Lebanon Gets New Government, Led by Hassan Diab, After 3 Months of Protest

(Bloomberg) –Lebanon unveiled a new cabinet lineup Tuesday, some three months after mass protests against entrenched corruption brought down the government and shook the economy.

The incoming team of 20, led by former education minister Hassan Diab, will have to act fast to address the country’s worst financial and economic crisis in decades. Tens of thousands of people have taken to the streets in recent months to demand a wholesale overhaul of the country’s sectarian power-sharing system, exacerbating an economic decline years in the making and raising investor concerns that Lebanon could default on its debt obligations for the first time.

Lebanon’s Eurobonds extended their gains with the government formation, which came after more than a month of political wrangling. But the breakthrough did not satisfy many of the demonstrators, who’ve denounced the new lineup as having “one color” — because the choice of names was influenced to a large extent by the pro-Iranian Hezbollah militia and its political allies.

Remittances and other inflows on which Lebanon’s economy has traditionally relied have plummeted as confidence has dwindled, prompting banks to impose informal limits on the withdrawal and transfer of hard currency in a bid to hold on to what remains of their reserves. The pound has weakened by more than a third against the dollar on the black market since protests began on Oct. 17, triggered by plans to tax a popular messaging application.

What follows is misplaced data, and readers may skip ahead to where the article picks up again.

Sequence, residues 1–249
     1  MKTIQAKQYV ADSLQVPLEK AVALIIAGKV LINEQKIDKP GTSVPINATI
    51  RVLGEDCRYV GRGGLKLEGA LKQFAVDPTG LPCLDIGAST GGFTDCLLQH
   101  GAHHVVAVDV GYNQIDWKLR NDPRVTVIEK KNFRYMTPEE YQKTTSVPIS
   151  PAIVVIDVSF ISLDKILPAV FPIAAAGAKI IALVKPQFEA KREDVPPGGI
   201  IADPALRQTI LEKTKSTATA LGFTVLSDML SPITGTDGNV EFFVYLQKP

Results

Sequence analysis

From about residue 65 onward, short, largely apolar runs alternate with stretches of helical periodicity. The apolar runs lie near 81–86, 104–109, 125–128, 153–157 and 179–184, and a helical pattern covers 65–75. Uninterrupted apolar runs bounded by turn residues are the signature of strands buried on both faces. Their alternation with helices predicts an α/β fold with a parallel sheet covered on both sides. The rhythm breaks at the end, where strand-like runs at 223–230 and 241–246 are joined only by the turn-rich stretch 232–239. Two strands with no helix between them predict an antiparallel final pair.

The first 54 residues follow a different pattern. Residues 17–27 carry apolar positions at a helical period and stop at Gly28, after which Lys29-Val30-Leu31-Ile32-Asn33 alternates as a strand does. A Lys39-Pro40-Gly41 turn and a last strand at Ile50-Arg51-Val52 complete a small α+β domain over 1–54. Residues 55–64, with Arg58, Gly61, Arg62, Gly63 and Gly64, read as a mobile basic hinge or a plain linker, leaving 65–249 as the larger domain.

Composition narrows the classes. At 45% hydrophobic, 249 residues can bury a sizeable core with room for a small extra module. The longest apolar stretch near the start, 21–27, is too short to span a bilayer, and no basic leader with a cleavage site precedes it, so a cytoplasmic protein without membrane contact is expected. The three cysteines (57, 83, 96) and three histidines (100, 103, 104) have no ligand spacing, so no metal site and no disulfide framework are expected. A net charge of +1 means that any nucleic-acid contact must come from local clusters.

When he was first named as prime minister, Diab promised the people a government of experts to lead them out of crisis. He repeated that pledge on Tuesday night, vowing that his team, replete with holders of advanced decrees, would work to meet the core demands of protesters, which range from a clamp-down on corruption to a new, more equitable election law to prepare the country for a fresh vote. The government met Wednesday to discuss a plan of action to save the country from what Diab described as a looming “catastrophe”.

“I salute this revolution,” he said in his first comments after the cabinet was formed. “This government represents the aspirations of protesters across the nation and will work to satisfy their demands.”

New Faces, Old Tactics

Many of the new ministers are little-known to the public, having spent their careers in academia or the professional realm, but are still considered to have political loyalties.

Incoming Finance Minister Ghazi Wazni, for instance, is a well-known economist close to veteran parliament speaker Nabih Berri. Nassif Hitti, a former diplomat and expert in international relations, was named foreign minister. Raoul Nehme, a well-known banker, was named minister of economy.

For the first time, a woman, Zeina Adra, was appointed to the defense portfolio in a government that includes six women, the largest share in Lebanon’s history.